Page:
Category Archives: Yoga

Think You’re Too Fat, Ugly, and Stupid to do Yoga? Yeah, Me Too. Come join me!

Jennie, Mark, MB at Wallace Lake - first try at SUP

Jennie, Mark, MB at Wallace Lake – first try at SUP

Every Body is Beautiful (Doing Yoga)

On social media recently, a big popular yoga studio in my city posted a picture of a woman in a headstand, with a caption something like, “Danielle, practicing in the sunlight wearing the new (insert big name controversial expensive-yoga-wear designer name here) scoop tank in lavender!”  Despite all of my attempts to keep any negativity at bay, I have to admit to being instantly annoyed that the woman and the sunlight and the asana all ended up being linked to an uber-expensive spandex garment. The reason for my angst wasn’t just the commercialism—who doesn’t love fashion and fun, even taking into consideration the yoga precept of non-attachment?  (Yoga is more than just poses or exercise, but that’s another story.) Instead, what bothered me about it was the exclusivity it portrayed. While I’m sure it was unintended, the post proliferated an illusion that certain people have about yoga, an illusion that it is for rich, skinny, attractive, in-shape, popular people. I myself used to hold that same mistaken idea in my head when I thought about yoga. That it was exclusive, elitist, mean-girl, cheerleader. You can’t just walk into a yoga studio!

Concurrently, the other week, NBC’s Today show coined the hashtag #LoveYourSelfie, and showed interview clips from the hosts about their own body imperfections. Hoda Kotb said, “I was heavy, and then I lost weight, but I don’t ever feel like the girl who lost weight.” I’ve been overweight as well, and I can corroborate Hoda’s sentiments—you never feel like you’re a thin girl, only the same old imperfect one who is somehow fooling everyone. It is this kind of mentality that keeps so many people away from yoga studios, when yoga is exactly what they need, for body, mind, and spirit. I want everyone to know that yoga is more than doing poses with beautiful people in a sun-filled room. You don’t have to own the gear; you don’t have to look the part; you don’t have to diet and exercise before you get there.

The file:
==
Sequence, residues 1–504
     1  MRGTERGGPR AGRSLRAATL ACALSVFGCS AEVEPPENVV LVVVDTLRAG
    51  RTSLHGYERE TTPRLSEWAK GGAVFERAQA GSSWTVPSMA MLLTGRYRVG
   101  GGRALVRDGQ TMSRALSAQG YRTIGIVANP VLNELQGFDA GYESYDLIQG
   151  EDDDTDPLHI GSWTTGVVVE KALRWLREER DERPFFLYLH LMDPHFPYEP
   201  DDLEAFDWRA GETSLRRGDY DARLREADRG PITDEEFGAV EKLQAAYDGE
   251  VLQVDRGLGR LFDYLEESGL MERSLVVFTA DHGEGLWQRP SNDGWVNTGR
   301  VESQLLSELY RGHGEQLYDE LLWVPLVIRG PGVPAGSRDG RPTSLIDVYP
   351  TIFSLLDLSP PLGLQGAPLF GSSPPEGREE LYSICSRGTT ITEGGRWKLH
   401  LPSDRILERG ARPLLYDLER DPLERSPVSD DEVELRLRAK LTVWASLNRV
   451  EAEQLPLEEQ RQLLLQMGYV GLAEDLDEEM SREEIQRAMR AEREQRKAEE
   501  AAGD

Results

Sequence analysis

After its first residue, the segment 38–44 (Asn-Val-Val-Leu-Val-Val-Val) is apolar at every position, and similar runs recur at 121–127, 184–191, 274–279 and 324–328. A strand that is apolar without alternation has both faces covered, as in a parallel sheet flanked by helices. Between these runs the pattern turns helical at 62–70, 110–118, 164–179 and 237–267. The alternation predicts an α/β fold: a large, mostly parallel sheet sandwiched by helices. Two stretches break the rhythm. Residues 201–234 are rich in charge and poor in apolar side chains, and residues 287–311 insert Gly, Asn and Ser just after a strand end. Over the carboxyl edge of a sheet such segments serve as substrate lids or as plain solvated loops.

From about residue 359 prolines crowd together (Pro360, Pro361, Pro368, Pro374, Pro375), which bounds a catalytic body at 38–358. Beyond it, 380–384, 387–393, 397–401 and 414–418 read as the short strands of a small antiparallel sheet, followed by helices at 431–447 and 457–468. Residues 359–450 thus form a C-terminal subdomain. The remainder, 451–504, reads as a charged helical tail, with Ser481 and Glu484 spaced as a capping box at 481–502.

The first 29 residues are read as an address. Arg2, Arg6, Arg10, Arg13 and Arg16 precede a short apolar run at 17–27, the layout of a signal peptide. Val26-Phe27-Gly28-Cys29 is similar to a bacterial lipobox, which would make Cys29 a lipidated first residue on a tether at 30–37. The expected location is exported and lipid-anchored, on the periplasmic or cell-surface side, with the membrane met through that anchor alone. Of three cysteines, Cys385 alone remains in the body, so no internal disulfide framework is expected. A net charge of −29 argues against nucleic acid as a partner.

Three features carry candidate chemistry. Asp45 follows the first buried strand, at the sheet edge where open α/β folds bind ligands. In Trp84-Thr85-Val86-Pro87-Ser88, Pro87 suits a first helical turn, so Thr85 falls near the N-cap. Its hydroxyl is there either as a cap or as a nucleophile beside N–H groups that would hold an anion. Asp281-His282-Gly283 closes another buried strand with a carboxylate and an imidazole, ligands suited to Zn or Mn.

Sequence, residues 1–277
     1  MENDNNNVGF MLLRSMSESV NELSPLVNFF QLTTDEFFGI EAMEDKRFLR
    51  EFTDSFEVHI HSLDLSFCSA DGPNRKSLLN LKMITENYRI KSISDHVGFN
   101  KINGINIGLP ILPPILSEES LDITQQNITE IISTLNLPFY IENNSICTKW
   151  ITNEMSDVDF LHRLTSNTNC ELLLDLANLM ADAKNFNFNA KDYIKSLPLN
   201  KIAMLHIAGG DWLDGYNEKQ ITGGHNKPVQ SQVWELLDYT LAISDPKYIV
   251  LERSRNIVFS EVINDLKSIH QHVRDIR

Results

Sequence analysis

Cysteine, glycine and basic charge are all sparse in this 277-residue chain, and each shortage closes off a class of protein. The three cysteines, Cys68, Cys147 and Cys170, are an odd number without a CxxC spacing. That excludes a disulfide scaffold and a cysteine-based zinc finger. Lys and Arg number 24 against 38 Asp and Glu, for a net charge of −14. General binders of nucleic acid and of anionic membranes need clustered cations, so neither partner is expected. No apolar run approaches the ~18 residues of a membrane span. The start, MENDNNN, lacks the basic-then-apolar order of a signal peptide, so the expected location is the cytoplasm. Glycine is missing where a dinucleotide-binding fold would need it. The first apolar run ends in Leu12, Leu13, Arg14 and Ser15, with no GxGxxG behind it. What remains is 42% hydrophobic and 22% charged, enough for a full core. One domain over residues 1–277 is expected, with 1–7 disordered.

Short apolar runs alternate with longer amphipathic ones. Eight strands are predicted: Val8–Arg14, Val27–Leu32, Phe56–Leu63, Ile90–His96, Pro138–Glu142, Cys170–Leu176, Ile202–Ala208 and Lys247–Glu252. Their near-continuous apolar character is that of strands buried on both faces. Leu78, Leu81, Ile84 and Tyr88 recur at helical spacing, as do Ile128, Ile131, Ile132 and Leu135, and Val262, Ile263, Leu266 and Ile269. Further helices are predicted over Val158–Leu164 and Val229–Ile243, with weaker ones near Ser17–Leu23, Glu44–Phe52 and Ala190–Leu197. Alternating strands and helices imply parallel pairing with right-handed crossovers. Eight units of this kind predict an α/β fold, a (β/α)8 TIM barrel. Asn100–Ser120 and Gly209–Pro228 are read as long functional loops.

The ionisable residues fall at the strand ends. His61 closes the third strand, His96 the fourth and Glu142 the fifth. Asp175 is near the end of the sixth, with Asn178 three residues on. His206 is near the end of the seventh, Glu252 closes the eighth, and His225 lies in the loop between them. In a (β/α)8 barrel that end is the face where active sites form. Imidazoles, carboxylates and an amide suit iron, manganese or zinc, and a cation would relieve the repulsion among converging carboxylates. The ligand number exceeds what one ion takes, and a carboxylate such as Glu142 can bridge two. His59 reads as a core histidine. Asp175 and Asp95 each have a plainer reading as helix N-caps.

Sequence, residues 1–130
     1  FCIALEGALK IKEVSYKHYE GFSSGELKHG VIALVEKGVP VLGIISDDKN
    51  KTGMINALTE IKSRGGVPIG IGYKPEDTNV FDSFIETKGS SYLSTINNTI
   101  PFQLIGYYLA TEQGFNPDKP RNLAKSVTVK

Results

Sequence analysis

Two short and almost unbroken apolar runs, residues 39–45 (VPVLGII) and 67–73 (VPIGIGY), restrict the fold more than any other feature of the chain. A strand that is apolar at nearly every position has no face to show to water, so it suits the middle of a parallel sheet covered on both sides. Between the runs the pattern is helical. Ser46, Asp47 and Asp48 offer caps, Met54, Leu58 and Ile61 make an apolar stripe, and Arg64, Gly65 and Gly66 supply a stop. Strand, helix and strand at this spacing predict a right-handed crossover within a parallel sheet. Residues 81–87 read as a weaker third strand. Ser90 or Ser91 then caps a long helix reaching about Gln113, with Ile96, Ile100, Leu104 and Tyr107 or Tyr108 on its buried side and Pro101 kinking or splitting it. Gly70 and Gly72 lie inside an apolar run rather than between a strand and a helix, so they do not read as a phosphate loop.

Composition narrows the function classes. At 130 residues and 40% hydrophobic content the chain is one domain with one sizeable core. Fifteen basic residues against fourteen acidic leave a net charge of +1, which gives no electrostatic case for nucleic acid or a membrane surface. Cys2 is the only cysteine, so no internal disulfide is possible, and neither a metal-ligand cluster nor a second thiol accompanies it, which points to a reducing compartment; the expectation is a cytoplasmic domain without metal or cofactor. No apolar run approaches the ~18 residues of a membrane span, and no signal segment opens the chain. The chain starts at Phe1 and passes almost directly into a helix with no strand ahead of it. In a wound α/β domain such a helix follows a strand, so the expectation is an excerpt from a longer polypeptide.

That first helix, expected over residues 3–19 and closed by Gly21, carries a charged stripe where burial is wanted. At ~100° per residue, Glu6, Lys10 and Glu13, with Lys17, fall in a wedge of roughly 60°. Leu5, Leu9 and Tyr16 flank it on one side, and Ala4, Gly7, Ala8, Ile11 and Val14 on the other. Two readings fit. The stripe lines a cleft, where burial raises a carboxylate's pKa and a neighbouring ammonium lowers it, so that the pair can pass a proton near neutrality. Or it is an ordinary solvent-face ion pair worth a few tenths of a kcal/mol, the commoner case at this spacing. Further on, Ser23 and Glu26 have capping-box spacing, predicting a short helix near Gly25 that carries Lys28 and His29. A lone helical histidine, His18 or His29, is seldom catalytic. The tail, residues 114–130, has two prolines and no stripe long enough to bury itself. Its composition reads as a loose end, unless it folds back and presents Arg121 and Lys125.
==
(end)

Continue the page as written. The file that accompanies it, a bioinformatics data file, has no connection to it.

Because, truth be told, every body is beautiful doing yoga, wherever it is being done. I made that observation at my practice last weekend, when young and old, fat and thin, male and female showed up to practice together. Because of what had been on my mind, I looked around a little more that day than usual. That woman from the mini-van who doesn’t feel sexy in her “mom” jeans looks as graceful as Dorothy Hamill gliding along in the 1976 Olympics when she does a balancing half-moon (Arda Chandrasana). A 57-year old woman looks like a girl again, hearkening the pink ballerina twirling in a music jewelry box, during dancer pose (Natarajasana). The one who feels so soft and saddle-baggy in the hips looks perfectly put together with that famous “fearful symmetry,” the sun lighting up her passive upturned face while creating the beautiful right angles in triangle pose (Trikonasana). The sparkle of a wedding ring is magnified on chapped, wide-spread hands during a clumsy attempt at crow pose (Bakasana). Everyone can finally see the pointy front of their own hip bones in reverse plank (Purvottanasa). Teen girls look like Baby from Dirty Dancing in a simple toe stand (Padangustasana), arms overhead, calves flexed.  Husbands look vulnerable, their usual strength tested by the unusual patience required by asanas.  The scrawny and lanky eventually look like the most sinuous and stealthy python, breath and muscles churning through the planks of Surya Namaskara. A pedicure never looked better than on a foot in a d’orsay flex, leveraging Warrior III.  And hey, girl behind me? Your fresh haircut actually looks even better when your head hangs upside down in a forward fold!  In Balasana (child’s pose), every big old angry driver, every shrill-screaming mother, every bossy executive looks exactly the same as the grieving daughter or the unemployed college graduate or the triathlon trainee: humbled, buckled, almost fetal. And every single one beautiful.